Group markets expanding

 
 

The Group Travel Leader
Published September 10, 2013


Group at Mount Rushmore, courteys South Dakota Tourism

What’s the biggest challenge on the horizon for tourism right now? The biggest opportunity?

Pantuso: I think the biggest challenge is ourselves and our preconceived notions of what the customer wants, without doing the research to find out what they really want. I’m always amazed when I talk to someone who says they’re doing the same tour that they’ve done for the last 10 years, but they’re not seeing the same numbers they used to.  People are still traveling, but do you not have the right product put together for them? I see that all over the place.

We need to get out of that box and look beyond what we do, and look at the different ways to do it. That’s also the opportunity. By looking for new products and destinations, there’s always new opportunities to provide products to the customers.

Simon: We asked our members this question, and the No. 1 trend that they saw that could impact all categories of our membership was the demographic shift and the age shift. That’s changing our consumer needs. The baby boomers are both a challenge and an opportunity. They are wrapping up their working years and entering retirement. It’s the largest consumer group ever, and it can shape the product that our members are offering. They’re more sophisticated and experienced travelers, so that could change what they want to buy from packaged travel providers.

The other thing that people are remarking on is that as baby boomers are leaving the workforce, it’s giving the Gen Xers and millennials leadership roles. That’s why a lot of people are looking to the young professionals to help incorporate more technology solutions, social media and e-marketing to their businesses.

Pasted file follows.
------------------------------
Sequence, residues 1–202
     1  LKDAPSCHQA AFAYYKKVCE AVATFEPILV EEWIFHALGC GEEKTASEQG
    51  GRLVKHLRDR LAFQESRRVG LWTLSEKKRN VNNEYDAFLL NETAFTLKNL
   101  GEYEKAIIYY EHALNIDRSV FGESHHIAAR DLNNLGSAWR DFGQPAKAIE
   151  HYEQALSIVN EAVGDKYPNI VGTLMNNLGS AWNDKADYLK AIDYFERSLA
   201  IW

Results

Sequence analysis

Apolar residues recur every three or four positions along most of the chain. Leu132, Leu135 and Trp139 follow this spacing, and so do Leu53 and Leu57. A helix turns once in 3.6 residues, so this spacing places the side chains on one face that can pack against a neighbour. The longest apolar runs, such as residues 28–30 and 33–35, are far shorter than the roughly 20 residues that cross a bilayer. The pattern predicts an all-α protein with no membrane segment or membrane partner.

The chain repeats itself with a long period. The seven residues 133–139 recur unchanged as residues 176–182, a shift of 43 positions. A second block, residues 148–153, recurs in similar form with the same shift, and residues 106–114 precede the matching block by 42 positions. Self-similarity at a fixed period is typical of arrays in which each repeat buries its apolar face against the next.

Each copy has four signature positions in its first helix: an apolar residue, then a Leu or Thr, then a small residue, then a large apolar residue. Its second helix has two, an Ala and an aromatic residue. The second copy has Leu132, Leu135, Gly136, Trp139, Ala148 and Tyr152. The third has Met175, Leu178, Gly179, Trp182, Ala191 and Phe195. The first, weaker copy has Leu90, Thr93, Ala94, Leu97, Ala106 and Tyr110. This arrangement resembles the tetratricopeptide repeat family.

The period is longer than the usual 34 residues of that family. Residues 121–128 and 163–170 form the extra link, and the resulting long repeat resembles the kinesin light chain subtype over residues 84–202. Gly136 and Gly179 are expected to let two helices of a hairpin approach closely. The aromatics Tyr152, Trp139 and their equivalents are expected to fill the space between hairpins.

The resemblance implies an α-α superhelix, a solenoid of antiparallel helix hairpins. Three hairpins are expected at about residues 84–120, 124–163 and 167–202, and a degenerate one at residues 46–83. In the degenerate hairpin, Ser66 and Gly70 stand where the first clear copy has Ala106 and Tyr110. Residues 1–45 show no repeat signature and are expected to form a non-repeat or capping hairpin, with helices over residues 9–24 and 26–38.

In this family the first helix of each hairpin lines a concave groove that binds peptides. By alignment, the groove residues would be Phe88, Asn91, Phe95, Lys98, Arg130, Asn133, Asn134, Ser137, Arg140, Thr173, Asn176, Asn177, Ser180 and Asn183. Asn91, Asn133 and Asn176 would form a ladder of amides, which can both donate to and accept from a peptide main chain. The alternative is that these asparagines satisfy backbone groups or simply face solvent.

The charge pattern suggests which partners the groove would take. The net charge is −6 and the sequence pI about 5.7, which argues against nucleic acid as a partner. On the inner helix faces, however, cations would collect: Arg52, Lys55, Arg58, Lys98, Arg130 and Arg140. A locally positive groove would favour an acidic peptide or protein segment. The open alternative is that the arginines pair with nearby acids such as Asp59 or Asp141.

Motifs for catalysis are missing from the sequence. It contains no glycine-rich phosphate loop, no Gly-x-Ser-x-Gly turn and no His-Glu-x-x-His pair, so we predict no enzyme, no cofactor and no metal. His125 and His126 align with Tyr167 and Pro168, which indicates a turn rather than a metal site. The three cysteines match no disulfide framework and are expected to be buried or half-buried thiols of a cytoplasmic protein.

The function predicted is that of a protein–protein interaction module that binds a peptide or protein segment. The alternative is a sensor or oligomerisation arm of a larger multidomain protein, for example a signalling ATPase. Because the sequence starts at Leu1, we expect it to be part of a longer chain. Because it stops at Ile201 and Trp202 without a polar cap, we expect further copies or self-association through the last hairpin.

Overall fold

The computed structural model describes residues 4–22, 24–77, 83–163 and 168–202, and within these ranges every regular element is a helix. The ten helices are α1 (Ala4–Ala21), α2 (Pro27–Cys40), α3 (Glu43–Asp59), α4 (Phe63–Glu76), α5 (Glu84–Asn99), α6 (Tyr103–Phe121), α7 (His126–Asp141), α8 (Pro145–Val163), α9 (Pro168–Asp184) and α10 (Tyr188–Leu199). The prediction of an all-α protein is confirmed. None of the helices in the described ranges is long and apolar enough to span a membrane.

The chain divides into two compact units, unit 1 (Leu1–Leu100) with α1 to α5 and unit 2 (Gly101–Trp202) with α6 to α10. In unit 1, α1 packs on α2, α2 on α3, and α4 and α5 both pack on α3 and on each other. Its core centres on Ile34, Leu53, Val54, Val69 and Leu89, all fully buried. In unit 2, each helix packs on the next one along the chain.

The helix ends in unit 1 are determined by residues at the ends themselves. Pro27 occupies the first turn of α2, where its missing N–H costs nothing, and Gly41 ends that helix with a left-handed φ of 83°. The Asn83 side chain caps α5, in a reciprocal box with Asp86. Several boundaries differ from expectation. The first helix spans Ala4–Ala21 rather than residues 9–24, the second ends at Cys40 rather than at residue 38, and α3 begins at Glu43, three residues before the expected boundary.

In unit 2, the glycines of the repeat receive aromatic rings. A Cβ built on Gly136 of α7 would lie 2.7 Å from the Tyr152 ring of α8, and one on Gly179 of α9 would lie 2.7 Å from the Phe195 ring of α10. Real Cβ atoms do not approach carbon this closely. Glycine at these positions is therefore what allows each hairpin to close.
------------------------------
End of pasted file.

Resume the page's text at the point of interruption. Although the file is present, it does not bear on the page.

Assante: One of the greatest challenges in the student market is that the largest growth in student population is in inner-city schools, or schools where students are more financially challenged. How do you tap into the student market potential in these growing populations? How do you create travelers out of these young adults if their families are not traveling? So the challenge is helping more students from diverse and inner-city schools that are financially challenged to experience travel. How do we help make it affordable to everyone? I see that as the biggest challenge but also as an opportunity.

Dale: The biggest challenge is the continuation of regulations coming out of the nation’s capital. We support a framework that make sense but allows us to operate as businesses. But it seems like there’s a very proactive regulatory machine in our nation’s capital that has a potential to stifle growth. We want to be very sensitive to communication and working with the agencies in D.C.

I think that the opportunities are around innovation. We have to continually reimagine what group travel is all about and what is going to make it appealing for future generations. One of the best ways is through multigenerational travel because you’re introducing young people to how these experiences are unique and rewarding. I think we have to be innovative in how we create these group travel experiences. If we are, it will make us relevant and prosperous.

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